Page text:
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First Quantization, Schrodinger Equation

It was postulated that the momentum p and position q are no longer mere numbers but are operators satisfying the commutative relation:

(qp - pq) = i.

This is called the canonical quantization. The procedure that the particle is endowed with wave property (via the wave function ) is referred to as first quantization. Actually only p is treated as an operator - a differential operator acting on (q), q remains to be a c-number. The commutative relation can be viewed as a mathematical statement for the Uncertainty Principle. Since it implies that p cannot be a function of q (it would mean p and q can be determined precisely at the same time), p can be related to q only in the form of an operator such as - i d/dq, where i = . The commutative relation is the direct result of such interpretation.

Application of this rule for p and q to the equation relating the total energy E to the kinetic energy p2/2m and the potential energy V(q), e.g., E = p2/2m + V(q), yields the time-independent Schrodinger Equation for one particle with mass m and interacting potential V (i.e., it describes the stationary states with well-defined energy E corresponding to E 0, and t in the uncertainty relation t E > ) :
Schrodinger Equation
For a given interacting potential V the problem is to find the Energy E and the corresponding wave function . The wave function is the probability amplitude of finding the particle at certain position (again do not confuse this amplitude with the state vector amplitude in superposition). The absolute square of the amplitude is the probability density. It turns out that the imaginary factory i in the quantization of p is crucial in describing a waveform for the case of E > V; otherwise, will be just an exponential function not compatible with observation. This is the origin of complex number in quantum theory. See for example : Mathematical Schrodinger's Cat (QM Basic).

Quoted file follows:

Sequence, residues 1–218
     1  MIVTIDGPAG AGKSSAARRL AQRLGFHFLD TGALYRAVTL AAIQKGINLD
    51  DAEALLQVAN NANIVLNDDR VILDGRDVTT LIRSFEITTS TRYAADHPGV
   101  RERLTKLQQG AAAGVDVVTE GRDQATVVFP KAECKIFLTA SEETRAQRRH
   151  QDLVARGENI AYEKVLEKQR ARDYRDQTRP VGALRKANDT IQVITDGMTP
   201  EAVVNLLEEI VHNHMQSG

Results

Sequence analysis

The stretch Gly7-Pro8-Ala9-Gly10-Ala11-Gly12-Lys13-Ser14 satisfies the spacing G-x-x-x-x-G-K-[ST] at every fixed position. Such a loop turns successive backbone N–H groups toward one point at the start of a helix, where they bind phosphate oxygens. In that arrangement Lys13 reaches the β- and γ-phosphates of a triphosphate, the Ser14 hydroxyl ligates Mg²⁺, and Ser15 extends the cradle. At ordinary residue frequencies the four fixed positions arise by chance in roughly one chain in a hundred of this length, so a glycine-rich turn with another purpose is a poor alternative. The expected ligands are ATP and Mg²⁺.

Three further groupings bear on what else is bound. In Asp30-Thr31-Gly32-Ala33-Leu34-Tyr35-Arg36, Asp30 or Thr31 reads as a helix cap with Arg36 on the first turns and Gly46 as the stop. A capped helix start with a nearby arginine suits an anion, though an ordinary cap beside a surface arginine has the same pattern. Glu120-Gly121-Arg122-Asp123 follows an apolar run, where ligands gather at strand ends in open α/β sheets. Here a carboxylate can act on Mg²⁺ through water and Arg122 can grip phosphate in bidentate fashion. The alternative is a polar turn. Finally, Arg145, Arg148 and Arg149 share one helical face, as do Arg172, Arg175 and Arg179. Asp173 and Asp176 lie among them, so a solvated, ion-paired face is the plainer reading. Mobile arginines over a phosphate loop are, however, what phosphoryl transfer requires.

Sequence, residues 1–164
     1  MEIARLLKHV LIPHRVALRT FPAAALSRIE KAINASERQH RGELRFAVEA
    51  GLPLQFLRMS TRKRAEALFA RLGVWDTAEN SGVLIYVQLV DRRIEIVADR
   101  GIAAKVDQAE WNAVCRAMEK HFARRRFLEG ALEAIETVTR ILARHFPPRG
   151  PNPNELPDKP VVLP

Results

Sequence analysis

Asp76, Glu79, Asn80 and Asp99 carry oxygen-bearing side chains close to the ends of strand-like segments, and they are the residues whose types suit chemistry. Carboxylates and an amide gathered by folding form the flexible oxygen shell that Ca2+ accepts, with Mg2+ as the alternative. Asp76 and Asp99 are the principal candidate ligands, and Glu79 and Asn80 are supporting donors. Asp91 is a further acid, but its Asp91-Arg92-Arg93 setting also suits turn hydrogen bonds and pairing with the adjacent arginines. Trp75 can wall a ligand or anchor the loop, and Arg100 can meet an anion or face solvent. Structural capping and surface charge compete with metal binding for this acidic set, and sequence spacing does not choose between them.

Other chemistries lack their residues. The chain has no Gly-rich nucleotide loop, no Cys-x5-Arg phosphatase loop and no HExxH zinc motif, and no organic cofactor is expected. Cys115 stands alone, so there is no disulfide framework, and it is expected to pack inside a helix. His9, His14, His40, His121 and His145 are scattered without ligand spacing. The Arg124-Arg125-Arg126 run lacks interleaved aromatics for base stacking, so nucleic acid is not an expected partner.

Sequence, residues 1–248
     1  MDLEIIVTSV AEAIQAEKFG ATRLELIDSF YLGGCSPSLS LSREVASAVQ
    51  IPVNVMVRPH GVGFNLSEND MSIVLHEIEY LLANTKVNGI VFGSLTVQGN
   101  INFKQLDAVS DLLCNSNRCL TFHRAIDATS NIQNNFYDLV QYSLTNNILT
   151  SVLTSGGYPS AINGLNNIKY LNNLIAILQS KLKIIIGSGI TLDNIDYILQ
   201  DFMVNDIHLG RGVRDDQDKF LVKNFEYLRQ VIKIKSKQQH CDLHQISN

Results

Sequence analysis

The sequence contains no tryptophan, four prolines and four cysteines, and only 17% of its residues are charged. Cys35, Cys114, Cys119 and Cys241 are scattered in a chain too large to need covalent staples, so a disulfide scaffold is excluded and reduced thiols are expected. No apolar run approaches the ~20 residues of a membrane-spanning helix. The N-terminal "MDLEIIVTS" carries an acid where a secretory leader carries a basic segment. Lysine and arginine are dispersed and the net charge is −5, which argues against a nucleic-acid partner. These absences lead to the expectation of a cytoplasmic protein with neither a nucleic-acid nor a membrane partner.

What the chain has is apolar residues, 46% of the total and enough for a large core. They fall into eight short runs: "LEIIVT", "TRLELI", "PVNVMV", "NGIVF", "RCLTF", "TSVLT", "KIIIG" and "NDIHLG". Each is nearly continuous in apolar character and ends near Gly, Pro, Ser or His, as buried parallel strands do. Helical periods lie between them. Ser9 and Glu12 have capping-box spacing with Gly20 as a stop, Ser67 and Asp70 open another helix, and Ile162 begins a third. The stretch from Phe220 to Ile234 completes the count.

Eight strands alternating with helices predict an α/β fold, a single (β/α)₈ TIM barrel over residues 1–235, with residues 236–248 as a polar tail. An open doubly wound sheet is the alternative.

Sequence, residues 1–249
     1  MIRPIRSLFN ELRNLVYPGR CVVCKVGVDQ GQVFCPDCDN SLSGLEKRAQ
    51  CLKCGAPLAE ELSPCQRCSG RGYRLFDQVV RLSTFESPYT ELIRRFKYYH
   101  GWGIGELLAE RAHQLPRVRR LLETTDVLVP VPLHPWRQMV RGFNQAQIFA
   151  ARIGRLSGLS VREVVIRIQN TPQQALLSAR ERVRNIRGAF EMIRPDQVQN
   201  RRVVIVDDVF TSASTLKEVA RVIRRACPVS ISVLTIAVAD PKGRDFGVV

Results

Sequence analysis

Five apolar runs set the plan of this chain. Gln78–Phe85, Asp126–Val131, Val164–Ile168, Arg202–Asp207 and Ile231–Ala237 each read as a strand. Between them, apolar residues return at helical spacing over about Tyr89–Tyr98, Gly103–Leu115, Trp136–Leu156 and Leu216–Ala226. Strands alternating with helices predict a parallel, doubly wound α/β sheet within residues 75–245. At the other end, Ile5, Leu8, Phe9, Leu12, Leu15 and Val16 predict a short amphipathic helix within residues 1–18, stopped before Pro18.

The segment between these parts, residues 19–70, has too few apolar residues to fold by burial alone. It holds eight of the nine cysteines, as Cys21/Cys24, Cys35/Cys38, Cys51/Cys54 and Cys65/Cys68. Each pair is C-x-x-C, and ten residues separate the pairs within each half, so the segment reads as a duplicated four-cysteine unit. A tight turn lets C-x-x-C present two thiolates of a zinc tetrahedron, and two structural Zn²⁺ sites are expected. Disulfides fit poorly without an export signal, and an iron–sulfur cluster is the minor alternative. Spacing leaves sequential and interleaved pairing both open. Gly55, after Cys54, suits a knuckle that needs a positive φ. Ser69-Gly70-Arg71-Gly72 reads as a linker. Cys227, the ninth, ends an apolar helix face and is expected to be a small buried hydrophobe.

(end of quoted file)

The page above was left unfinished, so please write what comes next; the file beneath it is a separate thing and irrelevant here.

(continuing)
This form of Schrodinger Equation can be used to find out the structure of the atom or molecule. The basic concepts of superposition, perturbation, transition, and quantum measurement etc. can be explored in a system with an infinite square well potential (see again "Mathematical Schrodinger's Cat (QM Basic)" for details).

The generalization to system of many particles and more than one source of interaction becomes rapidly un-manageable and is solvable only through methods of approximation. The Schrodinger Equation for a poly-atomic molecule with N atomic nucleus and n electrons can be written down as :

{(2/2)[(/m) + (/Mk)] + E - (e2)[(1/2)(1/|ri - rj|) - (Zk/|ri - Rk|) + (1/2)(ZkZl/|Rk - Rl|)]} = 0

where m is the mass of electron, Mk is the mass of the kth atomic nucleus with number of positive charge Zk, E is the total energy of the system, and . Since the atomic nucleus move much slower than the electrons, the Born-Oppenheimer approximation can be adopted to separate the wave function into = electrons nuclei and the resulting equations are solved separately - the part for the electrons yields the electronic configuration while the vibrational and rotational states (of the nuclei) are obtained from the nuclear part. This method makes the equation more or less solvable but the task is still formidable with increasing number of particles. The Molecular Orbital Theory is used further to alleviate the computational difficulty in calculating the molecular structure (the nuclear part).

See "The Different Perspectives of the 1st and 2nd Quantizations".

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